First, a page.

You may know that your credit score is an important consideration when taking out a new credit card or financing a car loan, but do you know how it can affect your mortgage? Let’s dive in.
What is a credit score?
Your credit score is a three-digit number ranging from 300–850, based on data from your credit report. That data may reflect how much debt you have overall, your payment consistency and other factors. Consequently, lenders use a prospective borrower’s credit score to help assess the likelihood of paying back a loan. Note that while a credit score is an important variable when applying for a mortgage, it’s not the only detail considered (more on that below).
What is the minimum credit score to buy a house?
The credit score necessary to buy a house varies depending on the lender and type of mortgage. For example, most conventional loans require a credit score around 620. If you have a credit score in the 500s, then it may be advantageous to investigate mortgages backed by the Federal Housing Administration (FHA).
Can a higher credit score get me better interest rates?
Although a higher credit score doesn’t guarantee a certain interest rate, higher credit scores can correlate with more competitive interest rates. If you don’t qualify for the interest rate you’d hoped for, you may consider improving your credit score and refinancing for a better interest rate down the road.
How do I check my credit score to buy a house?
You may be interested in checking your credit score before buying a house. However, this can sometimes lead to a hard inquiry on your credit report, which can have a negative impact on your score. With Chase Credit Journey®, however, you can access a free estimate of your credit score using a soft inquiry, which doesn’t affect your score. You can also access a free copy of your credit report each year from the three major credit bureaus: Experian™, Equifax® and TransUnion®.
What you need to apply for a mortgage
Of course, a lender is going to want to see documentation before handing you a giant wad of cash. While some of these documents might vary, the following are common for a mortgage application:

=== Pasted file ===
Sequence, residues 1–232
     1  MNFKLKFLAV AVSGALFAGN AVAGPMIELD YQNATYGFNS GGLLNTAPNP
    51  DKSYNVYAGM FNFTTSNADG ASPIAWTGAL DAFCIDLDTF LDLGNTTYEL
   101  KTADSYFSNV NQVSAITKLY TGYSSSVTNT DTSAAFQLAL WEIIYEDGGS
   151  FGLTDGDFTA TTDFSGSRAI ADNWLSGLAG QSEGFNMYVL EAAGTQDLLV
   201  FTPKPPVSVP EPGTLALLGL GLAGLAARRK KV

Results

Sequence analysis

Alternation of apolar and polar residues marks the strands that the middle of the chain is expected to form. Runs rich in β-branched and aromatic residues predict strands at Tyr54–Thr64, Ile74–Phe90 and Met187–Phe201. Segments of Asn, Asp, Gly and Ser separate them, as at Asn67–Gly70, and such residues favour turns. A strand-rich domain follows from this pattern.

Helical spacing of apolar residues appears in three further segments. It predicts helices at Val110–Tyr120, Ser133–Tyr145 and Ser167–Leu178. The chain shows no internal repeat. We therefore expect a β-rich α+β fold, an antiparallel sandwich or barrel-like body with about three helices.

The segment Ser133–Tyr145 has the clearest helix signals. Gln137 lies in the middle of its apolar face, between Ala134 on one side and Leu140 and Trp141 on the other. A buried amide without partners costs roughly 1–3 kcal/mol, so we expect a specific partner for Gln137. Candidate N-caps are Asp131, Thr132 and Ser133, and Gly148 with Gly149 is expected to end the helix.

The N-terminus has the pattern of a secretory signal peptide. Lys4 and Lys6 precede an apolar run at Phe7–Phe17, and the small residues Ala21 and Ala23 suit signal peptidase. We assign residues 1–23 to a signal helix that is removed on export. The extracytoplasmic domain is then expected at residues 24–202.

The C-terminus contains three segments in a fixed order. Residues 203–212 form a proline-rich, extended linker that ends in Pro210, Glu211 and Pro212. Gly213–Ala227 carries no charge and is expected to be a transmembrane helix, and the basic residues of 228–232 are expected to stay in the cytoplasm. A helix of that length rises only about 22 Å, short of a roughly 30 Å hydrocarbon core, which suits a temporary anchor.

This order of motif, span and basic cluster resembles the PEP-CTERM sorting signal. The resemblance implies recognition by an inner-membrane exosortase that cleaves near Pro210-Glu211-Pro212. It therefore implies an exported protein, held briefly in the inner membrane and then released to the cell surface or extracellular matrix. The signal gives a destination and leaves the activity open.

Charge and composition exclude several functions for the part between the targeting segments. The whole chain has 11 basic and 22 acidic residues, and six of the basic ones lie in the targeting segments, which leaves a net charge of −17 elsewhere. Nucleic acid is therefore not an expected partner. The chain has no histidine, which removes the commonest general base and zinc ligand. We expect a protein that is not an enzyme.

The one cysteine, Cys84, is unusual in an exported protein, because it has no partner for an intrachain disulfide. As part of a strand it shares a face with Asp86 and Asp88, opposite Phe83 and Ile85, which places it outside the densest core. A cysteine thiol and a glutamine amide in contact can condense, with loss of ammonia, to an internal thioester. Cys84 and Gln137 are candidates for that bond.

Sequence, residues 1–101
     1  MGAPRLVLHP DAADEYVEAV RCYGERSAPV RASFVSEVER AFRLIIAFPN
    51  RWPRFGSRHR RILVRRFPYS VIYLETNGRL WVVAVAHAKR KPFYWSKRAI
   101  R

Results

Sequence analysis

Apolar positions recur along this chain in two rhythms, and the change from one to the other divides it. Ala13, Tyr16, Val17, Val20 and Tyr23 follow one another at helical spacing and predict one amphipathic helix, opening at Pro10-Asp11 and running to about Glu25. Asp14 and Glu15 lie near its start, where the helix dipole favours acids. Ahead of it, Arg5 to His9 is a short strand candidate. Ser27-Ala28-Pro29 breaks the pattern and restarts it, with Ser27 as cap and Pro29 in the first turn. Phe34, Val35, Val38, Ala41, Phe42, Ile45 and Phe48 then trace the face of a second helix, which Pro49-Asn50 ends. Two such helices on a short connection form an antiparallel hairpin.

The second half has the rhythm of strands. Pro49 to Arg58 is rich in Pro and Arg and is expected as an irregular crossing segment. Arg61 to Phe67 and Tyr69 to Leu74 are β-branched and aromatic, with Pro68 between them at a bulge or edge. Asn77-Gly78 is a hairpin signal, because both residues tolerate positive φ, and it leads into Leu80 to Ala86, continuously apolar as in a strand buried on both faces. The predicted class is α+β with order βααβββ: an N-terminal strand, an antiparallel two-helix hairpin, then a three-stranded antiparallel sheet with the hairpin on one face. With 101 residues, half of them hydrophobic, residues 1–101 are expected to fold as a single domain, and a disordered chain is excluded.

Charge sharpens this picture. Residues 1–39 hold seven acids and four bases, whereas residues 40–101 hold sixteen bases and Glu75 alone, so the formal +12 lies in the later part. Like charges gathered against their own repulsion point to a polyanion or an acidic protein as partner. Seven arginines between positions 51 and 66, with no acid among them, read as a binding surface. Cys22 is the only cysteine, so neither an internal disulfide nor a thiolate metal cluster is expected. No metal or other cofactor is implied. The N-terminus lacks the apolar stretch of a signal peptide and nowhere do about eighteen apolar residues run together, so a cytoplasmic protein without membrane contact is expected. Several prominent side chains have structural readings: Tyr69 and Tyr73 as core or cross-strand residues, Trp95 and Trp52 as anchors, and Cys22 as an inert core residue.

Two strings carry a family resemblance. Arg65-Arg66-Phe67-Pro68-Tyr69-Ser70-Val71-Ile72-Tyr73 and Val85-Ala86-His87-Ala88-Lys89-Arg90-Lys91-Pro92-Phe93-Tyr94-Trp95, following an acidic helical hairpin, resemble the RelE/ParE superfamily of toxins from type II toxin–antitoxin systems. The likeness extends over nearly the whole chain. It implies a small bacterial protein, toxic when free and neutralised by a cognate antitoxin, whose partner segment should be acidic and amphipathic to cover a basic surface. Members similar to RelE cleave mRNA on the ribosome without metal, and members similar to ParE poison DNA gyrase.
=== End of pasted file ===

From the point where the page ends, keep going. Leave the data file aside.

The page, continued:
- Credit history: Lenders may review your full credit behavior history in addition to your score.
- Proof of income: Typically, lenders request this in the form of pay stubs, W-2s or tax returns if you’re self-employed.
- Rental history: If you’re a first-time homebuyer, your lender may request to see your rental payment history using your bank statements, for example.
- Assets: Lenders may want to know the value of your assets, which could include your checking and savings accounts, retirement and other investment accounts, and other properties you own.
- Identification: Lenders may want to see your driver’s license, Social Security number or other proof of identification to help confirm your ability to lawfully take out a loan.
- Debt-to-income ratio: Lenders may want to see a low debt-to-income (DTI) ratio, which shows you have more income than liabilities.
It’s clear your credit score is a principal factor to consider when looking for a home. Along with other financial indicators, your credit score helps determine the mortgage amount and terms. The minimum credit score needed to buy a house varies depending on the mortgage. Most conventional loans require a credit score of about 620, but some lenders may offer loans meant for potential borrowers with little to no credit score.